Investigating the Business and Cultural Ties that Bind Israel to China

israel asia center interview logoThe Israel-Asia Center gives Green Prophet a podcast transcript of their interview with the Chinese Ambassador to Israel. Lots can be gleaned about China’s sustainability vision from the interview.

The Israel-based Israel-Asia Center recently conducted an interview with the Chinese Ambassador to Israel, Zhao Jun, on what the World Expo means for China, the challenges of urbanization and sustainability facing China’s growing cities, Israel-China relations and Israeli innovation relating to water and clean technology.

Green Prophet presents a transcript of the interview, featuring both David Harris and Rebecca Zeffert from the Israel-Asia Center, and their interview with Zhao Jun. It’s a good read for policy makers, and Middle East entrepreneurs looking to do business (especially green business) with the Far East giant.

David Harris: You’ve been here for three years in Israel. How have you acclimatized? Clearly you have some language skills.

Ambassador Zhao Jun: I learned a little bit Hebrew. But, you know, I like Israel. Before I was offered this posting, I was offered some other postings to some other countries. I did not take it. One of the reasons was that I was not in very good shape or good health after 5 years as the director general of the European department, so I felt a little bit tired. I asked my boss some time to take a rest. In the meantime, I was offered some other things, and eventually, when they offered Israel, immediately, I took it.

Because I like challenging jobs, and in the last 3 years I found my posting in Israel is both interesting and challenging. I’ve enjoyed every minute of my stay in Israel.

First, Israel is a very friendly country with China and the two peoples have a lot of similarities. We have a long history, rich culture. Both languages are the most difficult languages in the world. [Laughs] I tried to learn some Hebrew, but so far it’s unsuccessful because of the heavy workload and because the language itself is difficult.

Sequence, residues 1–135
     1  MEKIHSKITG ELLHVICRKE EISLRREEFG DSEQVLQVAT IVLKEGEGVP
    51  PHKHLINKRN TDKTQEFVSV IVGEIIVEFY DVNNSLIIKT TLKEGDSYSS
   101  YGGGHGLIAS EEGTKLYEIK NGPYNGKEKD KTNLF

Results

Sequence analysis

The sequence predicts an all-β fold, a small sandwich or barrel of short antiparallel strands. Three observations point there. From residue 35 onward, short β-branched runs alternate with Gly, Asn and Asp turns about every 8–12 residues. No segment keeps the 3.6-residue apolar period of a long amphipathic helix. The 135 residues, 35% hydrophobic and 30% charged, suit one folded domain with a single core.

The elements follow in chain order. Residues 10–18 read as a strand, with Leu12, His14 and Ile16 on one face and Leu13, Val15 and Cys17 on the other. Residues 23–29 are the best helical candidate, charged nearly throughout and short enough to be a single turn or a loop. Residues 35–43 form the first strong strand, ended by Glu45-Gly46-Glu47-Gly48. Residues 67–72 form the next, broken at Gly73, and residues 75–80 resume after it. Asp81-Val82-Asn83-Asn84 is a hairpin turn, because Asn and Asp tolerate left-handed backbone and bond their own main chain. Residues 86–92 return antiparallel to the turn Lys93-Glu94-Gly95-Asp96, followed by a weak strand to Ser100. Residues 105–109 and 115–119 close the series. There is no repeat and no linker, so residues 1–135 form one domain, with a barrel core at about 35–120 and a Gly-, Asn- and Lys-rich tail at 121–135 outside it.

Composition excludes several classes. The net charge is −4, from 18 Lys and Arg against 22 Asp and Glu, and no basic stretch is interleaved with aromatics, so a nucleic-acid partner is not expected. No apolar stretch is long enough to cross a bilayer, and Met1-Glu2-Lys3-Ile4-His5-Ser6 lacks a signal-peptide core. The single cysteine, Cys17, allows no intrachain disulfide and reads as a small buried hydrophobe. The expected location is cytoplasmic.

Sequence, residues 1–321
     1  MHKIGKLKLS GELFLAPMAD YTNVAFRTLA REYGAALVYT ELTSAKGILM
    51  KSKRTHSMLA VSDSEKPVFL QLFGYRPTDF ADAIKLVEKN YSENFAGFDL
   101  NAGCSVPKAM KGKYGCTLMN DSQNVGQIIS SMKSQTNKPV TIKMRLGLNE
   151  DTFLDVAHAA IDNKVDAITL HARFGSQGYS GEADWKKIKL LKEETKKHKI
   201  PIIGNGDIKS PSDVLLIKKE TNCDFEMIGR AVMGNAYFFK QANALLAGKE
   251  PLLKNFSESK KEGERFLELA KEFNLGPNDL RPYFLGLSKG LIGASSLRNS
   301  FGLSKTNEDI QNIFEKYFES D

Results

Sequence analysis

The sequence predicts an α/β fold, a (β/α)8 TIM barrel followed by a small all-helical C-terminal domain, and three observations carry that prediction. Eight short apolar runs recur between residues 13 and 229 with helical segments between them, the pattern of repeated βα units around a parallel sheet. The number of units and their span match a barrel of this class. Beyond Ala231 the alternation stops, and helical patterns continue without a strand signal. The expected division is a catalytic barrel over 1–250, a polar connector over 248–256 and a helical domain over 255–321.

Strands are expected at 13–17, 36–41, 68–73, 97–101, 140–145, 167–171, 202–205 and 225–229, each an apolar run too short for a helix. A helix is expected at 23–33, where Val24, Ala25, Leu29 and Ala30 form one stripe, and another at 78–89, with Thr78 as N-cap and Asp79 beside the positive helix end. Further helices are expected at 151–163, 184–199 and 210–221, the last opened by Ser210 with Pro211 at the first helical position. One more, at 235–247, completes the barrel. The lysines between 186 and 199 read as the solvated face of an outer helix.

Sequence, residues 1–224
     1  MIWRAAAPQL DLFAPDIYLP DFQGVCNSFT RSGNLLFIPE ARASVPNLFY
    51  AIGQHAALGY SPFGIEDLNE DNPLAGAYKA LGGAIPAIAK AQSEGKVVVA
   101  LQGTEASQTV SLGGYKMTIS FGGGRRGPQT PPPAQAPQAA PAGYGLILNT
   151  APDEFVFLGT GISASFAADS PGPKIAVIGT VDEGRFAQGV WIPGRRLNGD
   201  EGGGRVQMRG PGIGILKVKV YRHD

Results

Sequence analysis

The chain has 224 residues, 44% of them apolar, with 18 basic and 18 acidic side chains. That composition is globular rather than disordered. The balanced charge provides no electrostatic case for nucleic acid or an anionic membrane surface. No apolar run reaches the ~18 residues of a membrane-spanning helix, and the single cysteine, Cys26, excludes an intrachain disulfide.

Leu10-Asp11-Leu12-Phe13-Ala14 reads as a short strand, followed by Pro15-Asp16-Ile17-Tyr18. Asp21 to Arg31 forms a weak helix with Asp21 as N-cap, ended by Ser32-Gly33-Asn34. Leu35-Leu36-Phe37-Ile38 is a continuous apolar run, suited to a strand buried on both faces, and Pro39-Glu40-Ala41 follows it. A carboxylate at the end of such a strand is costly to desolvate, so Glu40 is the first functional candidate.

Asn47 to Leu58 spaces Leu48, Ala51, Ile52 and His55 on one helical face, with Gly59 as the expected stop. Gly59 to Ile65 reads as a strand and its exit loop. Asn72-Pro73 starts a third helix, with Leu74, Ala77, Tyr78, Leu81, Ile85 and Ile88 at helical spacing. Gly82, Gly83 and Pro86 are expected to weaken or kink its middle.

But still, I’d like to learn something, and my wish, or dream, is that when I give my farewell speech, I can say something in Hebrew.

DH: The Expo taking place in China, in Shanghai, just beginning. Just how significant is this as a window for China?

Amb: Talking about Expo, several days ago there was the grand opening ceremony of the Expo. Everyone from the embassy watched the ceremony because it was live on Chinese TV, and when I watched it, as a Chinese, I was very proud of that, because in 2008, we successfully organized the Olympic Games. Less than two years after that, we’ve successfully opened the grand opening ceremony of the Expo.

Talking about Expo, there are some new records and breakthroughs I should mention. First, this is the first registered Expo ever held in a developing country. Others Expos before the Shanghai Expo were held in developed countries. Another record is the number of participants. This time, we attracted more than 242 countries and organization – including Israel. [See: Israel’s highlighting energy at World Expo]

The main theme of this Expo is innovation and interaction. Innovation is the soul, while cultural interaction is an important mission of the World Exposition. Till 7 May, the 7 days after the Expo site’s opening, over 1 million visitors already visited the Expo. We estimated that during the Expo, there will be between 60-70 million visitors both from China and abroad. So hopefully, we can reach that target.

The Expo is important to China because China and the world are facing a financial crisis. A lot of countries are still in difficulties – especially in the European Union, and we do hope that this Expo will give great impetus to the renewal and recovery of the international economy. China is also facing challenges and difficulties in some areas. So we do hope that the Expo will give impetus to the recovery of China’s economy and to the economy of Asia and the world in general.

Rebecca Zeffert: The slogan of the Shanghai Expo is ‘Better City, Better life’. How does this slogan translate into reality for Shanghai’s recent and future development?